Ortel and Bishop questioned the BLMGNF tax-exempt status in June 2020, arguing that violence which accompanied the BLM summer demonstrations as well as the foundation’s political activities and slogans contradicted the very idea of a “charitable organisation”.
“Section 501(c)(3) organisations are precluded from, and suffer loss of exemption for, engaging in any political campaign on behalf of, or in opposition to, any candidate for public office,” the IRS website warns.
The BLMGNF obtained a tax-exempt status under a fiscal sponsorship agreement with Thousand Currents, a 501(c)(3) nonprofit, in 2016. During the 2020 summer protests, the foundation and its fiscal sponsor came under the spotlight, prompting a heated debate about Thousand Currents’ Vice Chair of the Board of Directors Susan Rosenberg. The latter was sentenced to 58 years in prison on weapons and explosives charges in 1985 and pardoned by President Bill Clinton in 2001. In late June 2020, the “board of directors” webpage that contained Rosenberg’s photo and bio inexplicably vanished from the Thousand Currents’ site.
In July 2020, Thousand Currents stopped providing services to the foundation and assigned its BLMGNF fiscal sponsorship to the nonprofit Tides Foundation. In its request to the California Attorney General Office on 10 July 2020, Thousand Currents explained that unlike Tides, it is “not a professional fiscal sponsor, and does not have the capacity to continue to manage the growth of BLM, given Thousand Currents’ small staff”.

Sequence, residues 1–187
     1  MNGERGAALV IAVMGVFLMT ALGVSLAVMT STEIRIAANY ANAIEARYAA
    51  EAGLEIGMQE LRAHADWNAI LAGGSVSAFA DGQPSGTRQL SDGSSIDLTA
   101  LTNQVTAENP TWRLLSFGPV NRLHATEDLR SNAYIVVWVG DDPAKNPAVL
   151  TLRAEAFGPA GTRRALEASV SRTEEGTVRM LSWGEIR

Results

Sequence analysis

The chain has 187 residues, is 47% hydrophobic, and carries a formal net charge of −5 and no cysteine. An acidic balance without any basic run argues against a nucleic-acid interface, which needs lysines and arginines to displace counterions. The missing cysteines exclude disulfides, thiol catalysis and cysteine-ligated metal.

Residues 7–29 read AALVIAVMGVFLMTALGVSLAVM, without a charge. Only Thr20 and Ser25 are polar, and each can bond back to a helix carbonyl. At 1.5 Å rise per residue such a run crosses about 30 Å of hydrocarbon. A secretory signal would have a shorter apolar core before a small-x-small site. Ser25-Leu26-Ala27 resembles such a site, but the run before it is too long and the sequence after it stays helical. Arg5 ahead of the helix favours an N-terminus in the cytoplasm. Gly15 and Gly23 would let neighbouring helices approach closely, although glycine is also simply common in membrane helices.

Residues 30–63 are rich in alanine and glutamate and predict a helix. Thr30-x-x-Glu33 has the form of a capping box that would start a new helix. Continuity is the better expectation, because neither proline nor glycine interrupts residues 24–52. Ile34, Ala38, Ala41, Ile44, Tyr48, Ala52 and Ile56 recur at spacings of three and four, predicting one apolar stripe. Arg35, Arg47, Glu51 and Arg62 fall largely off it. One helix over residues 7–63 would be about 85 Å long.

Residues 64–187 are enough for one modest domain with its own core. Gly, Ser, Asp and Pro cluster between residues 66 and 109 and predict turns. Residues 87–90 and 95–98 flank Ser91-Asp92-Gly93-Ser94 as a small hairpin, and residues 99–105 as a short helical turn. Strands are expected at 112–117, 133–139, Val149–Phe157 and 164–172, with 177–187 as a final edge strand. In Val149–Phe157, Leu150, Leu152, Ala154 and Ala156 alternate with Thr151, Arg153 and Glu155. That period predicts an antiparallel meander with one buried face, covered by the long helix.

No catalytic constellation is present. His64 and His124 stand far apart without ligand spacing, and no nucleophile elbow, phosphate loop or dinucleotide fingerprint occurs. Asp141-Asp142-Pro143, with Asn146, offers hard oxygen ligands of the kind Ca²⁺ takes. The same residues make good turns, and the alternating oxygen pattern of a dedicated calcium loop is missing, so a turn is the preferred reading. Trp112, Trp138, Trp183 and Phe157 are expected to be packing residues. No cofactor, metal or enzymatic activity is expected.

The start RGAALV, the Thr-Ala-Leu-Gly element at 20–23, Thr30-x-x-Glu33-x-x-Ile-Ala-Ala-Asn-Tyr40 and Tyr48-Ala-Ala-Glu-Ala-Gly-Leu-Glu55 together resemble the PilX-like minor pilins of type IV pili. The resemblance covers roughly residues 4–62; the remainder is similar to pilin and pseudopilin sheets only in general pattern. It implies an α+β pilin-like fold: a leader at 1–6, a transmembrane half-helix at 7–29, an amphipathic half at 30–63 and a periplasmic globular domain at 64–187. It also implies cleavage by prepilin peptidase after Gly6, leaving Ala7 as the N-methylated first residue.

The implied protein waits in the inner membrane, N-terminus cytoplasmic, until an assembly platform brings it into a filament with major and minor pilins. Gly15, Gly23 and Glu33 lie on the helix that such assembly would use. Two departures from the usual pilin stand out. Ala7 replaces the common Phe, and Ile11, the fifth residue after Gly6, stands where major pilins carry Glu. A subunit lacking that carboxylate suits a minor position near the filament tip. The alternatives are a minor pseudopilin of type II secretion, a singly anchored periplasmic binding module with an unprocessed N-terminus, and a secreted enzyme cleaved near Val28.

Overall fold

Either the Tides Foundation or the BLMGNF itself should disclose information about the foundations’ multi-million earnings by 15 November 2021, according to the analysts, who lament the fact that Thousand Currents had repeatedly failed to provide details on how the BLMGNF managed its funds.
A Black Lives Matter activist shouts as a Trump supporter watches on in Kenosha, Wisconsin
Black Activists Complain About BLMGNF’s Non-Transparency
Meanwhile, at least a dozen Black Lives Matter groups complained that most BLM chapters had received little to no financial resources since the movement’s inception in 2013, according to AP. For its part, the BLMGNF said that only a few of those organisations had been recognised as official network affiliates.